Goal Setting in Fitness & Nutrition

A goal is the result or achievement toward which effort is
directed. Without setting goals in exercise or nutrition, there
is far less value and purposeful direction; and they need to
be measurable and realistic. For example, a thin teenager
weighing 120 pounds wiping to weight 220-pounds of
muscle is both specific and measurable. However, he
can not hope to achieve such a physique, especially not
soon and probably not without growth-enhancing drugs.
Therefore, in this instance, the goal to gain 100 pounds of
muscle is specific, it is measurable, but it is unrealistic.

Non-measurable goals, such as "I want to lose fat and get
lean, "will never be realized since the term" lean "is
subjective with no objective measurement. What is lean to
one person may not be lean to another … or sometimes it is
"too lean". Once the individual obtains a supposedly state of
leanness, will that person know that he has achieved that
goal or will his perception of what he thinks is "lean" change
because of higher standards and greater expectations? On
the other hand, if a trainee indicated that he wants to reduce
body fat to a level of ten percent, then he has a measurable
goal – one that can be quantified.

Next, to achieve goals better, trainees must provide a
measurement and do so in the smallest amount necessary
and within reason relative to past accomplishments. Do not
aim for something greater than you could ever have
achieved in the past. Moreover, the more distant the goal,
and the smaller the increments, the more likely the success
of obtaining the goal. But it should be noted that a goal must
require some degree of effort and challenge. If the goal is
too small or easy to obtain, there is little incentive or sense
of accomplishment or pride.

Goals can be measured in terms of income and
performance. An arrival goal refers to that which a
person is aiming to achieve, such as lifting five pounds
more in the bench press next workout or a far greater weight
over the course of several months. There is little flexibility in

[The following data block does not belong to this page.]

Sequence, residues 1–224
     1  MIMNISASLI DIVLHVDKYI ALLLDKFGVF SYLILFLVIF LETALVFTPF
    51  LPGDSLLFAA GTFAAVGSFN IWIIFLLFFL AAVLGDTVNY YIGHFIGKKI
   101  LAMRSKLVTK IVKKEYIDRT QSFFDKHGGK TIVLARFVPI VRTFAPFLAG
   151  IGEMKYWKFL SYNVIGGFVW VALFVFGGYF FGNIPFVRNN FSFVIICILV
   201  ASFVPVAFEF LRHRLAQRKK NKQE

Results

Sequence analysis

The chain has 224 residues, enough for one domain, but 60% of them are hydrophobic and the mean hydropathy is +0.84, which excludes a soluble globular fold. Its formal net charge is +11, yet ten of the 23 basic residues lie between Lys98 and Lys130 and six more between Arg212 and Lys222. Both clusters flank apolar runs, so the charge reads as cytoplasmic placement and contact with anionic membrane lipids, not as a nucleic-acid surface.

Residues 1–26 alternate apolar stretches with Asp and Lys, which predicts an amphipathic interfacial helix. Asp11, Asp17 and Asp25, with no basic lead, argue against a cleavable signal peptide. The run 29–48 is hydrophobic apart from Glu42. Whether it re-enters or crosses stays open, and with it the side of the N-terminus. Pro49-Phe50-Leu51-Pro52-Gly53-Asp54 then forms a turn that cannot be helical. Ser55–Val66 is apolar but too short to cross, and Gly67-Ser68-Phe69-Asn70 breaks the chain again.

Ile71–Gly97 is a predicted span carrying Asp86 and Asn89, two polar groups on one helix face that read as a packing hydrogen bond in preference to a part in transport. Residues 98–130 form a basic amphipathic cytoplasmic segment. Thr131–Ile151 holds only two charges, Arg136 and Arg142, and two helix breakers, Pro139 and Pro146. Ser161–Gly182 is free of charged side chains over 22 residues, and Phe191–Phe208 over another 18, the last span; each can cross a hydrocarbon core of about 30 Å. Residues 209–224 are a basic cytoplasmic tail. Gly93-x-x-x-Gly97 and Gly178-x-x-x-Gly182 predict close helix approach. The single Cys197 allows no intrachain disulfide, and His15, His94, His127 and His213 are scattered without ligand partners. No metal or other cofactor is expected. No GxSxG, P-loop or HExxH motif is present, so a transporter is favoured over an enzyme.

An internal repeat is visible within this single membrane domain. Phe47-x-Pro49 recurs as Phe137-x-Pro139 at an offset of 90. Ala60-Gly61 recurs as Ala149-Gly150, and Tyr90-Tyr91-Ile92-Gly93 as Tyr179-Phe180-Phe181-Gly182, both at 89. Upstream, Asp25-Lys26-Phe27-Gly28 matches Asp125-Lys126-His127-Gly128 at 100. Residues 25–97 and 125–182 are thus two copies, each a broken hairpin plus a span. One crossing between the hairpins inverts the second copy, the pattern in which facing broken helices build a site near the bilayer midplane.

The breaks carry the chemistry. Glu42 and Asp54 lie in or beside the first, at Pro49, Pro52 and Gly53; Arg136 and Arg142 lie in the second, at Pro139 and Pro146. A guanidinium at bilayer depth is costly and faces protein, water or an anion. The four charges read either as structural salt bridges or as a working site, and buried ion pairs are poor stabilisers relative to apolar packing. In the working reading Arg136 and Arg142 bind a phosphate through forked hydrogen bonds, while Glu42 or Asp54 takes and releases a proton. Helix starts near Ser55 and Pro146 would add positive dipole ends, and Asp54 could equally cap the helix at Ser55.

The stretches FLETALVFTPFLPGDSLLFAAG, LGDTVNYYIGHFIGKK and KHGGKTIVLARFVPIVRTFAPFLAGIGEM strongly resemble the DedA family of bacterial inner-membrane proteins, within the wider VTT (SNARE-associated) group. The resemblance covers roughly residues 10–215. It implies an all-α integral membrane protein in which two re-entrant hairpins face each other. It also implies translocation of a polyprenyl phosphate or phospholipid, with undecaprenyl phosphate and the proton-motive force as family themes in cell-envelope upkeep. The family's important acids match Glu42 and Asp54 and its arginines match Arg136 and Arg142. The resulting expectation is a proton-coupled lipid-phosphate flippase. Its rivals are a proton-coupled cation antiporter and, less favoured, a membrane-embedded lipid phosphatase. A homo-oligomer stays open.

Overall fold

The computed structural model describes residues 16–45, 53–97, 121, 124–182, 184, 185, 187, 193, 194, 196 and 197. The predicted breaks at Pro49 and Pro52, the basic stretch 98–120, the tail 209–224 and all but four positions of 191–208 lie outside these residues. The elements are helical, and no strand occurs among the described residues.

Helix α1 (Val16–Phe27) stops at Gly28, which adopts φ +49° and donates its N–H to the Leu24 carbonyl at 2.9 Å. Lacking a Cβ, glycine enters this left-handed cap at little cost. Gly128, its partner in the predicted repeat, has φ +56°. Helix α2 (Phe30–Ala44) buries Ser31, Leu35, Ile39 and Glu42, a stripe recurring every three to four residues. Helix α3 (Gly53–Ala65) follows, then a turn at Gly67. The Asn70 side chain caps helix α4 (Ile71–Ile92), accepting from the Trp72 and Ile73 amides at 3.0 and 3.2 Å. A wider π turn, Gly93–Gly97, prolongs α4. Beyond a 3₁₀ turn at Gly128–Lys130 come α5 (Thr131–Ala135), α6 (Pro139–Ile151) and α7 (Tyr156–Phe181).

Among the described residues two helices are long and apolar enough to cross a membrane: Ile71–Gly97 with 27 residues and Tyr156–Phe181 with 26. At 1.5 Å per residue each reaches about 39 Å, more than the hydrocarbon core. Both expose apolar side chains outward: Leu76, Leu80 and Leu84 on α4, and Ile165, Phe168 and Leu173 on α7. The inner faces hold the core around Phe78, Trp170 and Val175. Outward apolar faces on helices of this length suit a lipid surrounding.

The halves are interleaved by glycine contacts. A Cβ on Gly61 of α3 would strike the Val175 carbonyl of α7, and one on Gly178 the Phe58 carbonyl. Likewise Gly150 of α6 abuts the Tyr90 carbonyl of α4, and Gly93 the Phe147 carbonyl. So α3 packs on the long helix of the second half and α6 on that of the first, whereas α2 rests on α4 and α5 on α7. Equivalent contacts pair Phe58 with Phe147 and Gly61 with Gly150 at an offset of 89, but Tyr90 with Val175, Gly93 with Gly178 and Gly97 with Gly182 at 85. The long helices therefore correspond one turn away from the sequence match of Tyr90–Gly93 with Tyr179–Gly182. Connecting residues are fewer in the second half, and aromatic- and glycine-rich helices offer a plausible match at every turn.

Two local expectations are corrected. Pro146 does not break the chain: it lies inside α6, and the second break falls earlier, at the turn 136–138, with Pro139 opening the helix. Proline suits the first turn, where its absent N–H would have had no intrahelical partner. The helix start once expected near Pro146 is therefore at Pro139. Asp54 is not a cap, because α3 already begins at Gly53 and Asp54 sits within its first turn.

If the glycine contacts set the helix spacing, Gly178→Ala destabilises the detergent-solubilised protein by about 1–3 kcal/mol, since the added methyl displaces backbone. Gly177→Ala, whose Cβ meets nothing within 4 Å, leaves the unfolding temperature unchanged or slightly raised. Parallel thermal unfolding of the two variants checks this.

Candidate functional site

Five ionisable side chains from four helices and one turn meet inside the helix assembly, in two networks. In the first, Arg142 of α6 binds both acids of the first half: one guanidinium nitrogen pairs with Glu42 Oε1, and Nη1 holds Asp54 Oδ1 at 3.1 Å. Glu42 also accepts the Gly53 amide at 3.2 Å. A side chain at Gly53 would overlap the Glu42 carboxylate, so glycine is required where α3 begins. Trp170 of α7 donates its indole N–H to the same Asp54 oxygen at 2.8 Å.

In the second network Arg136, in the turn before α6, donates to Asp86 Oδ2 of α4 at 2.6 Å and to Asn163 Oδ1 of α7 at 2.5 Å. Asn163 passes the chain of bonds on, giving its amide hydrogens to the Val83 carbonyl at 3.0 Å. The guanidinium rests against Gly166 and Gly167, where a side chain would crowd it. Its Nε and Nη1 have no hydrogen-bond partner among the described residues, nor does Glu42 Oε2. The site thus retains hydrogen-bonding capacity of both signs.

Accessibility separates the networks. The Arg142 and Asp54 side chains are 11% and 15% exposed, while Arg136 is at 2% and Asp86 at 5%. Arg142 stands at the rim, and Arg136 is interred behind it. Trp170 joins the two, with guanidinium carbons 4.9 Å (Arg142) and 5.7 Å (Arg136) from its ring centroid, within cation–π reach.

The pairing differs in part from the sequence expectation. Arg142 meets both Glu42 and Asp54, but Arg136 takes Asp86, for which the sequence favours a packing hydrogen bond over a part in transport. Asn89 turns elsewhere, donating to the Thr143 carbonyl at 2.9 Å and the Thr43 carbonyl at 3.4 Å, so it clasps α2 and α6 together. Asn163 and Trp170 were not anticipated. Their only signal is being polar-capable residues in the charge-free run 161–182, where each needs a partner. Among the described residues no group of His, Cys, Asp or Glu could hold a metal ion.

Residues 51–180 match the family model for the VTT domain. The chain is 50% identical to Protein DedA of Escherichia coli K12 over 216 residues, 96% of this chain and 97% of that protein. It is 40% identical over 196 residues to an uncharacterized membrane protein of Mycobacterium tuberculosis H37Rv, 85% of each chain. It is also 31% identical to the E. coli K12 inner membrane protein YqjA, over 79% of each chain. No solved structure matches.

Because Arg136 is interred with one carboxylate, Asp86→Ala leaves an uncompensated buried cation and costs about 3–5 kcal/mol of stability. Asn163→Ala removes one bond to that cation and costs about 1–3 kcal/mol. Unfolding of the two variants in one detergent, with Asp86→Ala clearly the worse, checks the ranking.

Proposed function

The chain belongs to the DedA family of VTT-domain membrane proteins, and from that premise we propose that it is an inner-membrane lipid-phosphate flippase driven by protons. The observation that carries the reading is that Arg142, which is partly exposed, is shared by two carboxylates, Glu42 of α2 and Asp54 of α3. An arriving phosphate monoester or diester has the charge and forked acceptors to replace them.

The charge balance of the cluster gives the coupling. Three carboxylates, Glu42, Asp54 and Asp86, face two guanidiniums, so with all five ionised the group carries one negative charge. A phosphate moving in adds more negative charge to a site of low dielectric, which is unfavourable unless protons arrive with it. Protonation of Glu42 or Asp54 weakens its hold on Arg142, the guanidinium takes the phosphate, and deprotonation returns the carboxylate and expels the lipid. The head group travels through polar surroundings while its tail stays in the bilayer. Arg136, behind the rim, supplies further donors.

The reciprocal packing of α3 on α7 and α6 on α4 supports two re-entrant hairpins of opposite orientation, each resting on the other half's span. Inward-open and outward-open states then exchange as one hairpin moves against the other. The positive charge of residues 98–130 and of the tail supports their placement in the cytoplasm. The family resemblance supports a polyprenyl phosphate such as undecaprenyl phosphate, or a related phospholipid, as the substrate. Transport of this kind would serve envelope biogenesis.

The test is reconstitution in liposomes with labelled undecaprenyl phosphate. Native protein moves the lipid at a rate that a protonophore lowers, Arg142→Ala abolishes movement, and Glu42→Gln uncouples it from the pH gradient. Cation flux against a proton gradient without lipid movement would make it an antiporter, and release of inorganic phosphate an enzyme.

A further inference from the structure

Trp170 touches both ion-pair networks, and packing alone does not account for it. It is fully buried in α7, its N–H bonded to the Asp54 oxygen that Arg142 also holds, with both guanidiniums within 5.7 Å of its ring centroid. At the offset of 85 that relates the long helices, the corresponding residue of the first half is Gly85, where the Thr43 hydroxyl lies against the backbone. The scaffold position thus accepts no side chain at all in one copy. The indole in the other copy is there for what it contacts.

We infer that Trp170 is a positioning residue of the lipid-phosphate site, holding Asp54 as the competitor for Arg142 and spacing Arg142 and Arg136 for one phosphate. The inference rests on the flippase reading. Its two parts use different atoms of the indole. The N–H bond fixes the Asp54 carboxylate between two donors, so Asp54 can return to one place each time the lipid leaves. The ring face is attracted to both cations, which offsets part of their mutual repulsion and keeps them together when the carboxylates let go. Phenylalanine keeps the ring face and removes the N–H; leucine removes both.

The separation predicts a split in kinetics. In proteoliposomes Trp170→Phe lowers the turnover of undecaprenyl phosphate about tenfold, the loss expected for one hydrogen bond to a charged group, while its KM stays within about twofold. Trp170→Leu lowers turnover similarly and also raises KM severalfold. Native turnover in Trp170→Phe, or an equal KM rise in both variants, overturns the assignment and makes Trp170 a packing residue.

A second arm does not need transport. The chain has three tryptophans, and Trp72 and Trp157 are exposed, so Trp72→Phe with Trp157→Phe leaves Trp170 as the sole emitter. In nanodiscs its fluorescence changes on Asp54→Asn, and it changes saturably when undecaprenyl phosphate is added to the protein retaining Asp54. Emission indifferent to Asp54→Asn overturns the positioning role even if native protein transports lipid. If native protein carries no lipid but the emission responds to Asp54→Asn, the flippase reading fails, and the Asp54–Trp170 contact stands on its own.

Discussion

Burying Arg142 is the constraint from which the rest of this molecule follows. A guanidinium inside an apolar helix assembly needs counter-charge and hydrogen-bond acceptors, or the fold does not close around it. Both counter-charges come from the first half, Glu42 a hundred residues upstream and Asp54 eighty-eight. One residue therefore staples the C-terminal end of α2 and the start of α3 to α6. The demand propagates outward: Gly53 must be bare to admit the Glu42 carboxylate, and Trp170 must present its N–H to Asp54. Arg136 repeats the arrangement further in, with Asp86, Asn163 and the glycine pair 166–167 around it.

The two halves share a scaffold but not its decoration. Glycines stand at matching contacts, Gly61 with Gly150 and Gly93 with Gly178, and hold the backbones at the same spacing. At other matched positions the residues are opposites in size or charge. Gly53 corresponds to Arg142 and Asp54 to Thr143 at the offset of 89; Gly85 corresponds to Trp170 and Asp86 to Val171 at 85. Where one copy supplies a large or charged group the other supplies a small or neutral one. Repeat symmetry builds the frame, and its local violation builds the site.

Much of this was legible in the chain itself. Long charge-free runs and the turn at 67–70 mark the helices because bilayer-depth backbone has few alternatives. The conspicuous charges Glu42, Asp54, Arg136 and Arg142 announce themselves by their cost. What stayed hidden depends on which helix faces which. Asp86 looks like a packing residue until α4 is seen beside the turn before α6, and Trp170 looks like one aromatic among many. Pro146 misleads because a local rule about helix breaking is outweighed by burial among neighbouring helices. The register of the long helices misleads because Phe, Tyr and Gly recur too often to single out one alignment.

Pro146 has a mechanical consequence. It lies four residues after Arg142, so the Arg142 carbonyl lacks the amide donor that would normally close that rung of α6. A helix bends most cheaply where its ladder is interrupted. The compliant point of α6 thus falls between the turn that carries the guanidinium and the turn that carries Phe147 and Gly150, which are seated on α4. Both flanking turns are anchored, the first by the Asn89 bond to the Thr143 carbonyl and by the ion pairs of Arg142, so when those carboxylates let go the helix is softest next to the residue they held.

this type of goal – either it is achieved or it is not.
Performance goals refer to the process through which a
person achieves those goals, including both the short- and
long-term. Performance goals are much more flexible, and
allows a person to reorganiz a strategy from day to day in
order to meet the outcome goal (s). Performance goals are
associated with less anxiety, since there is flexibility and, as
a result, should be emphasized in an exercise and nutrition
program. It can be upsetting not to achieve an exit
goal, but if all the steps leading up to the income were
done to the best of your ability, it is easy to maintain
motivation in preparing for the next exit goal.

When determining a long-term goal, a strategy of
immediate, short-term goals (performance goals) must be
considered. For example, if you desire a ten-pound
increase on the best bench press, how will you get there?
This is accomplished by creating a workout schedule, a
long-term plan of increasing "x" pounds / ounces to the bar
each workout until you achieve the extra ten pounds. The
plan may need to be reevaluated then re-designed –
especially if you fail to increase the weight by "x"
pounds / ounces during one of the workouts, and falling short
in the end. It could be further stated that creating a goal
strategy in exercise is very similar to a marketing or
business plan in that goals may be established, but they
may also need reformulating on a regular basis to reflect
current facts of finance, the economy, sales, customer
satisfaction, etc.


Set Specific Goals. The goal must be measurable, such as
"bench press 275 pounds" by a certain date rather than
"increase the bench press" and without a concrete date in